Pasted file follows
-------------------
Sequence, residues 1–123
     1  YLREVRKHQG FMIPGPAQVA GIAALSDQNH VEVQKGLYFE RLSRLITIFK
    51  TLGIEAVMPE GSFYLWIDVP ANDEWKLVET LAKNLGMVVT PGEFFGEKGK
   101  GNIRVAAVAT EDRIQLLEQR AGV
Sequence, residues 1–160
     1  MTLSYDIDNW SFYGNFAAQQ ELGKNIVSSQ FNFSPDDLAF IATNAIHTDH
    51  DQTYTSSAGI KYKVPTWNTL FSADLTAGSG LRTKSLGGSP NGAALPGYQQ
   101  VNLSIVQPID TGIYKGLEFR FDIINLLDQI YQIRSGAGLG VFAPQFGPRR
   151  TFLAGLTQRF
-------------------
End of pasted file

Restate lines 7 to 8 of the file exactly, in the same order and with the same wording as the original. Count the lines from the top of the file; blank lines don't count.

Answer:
    51  DQTYTSSAGI KYKVPTWNTL FSADLTAGSG LRTKSLGGSP NGAALPGYQQ
   101  VNLSIVQPID TGIYKGLEFR FDIINLLDQI YQIRSGAGLG VFAPQFGPRR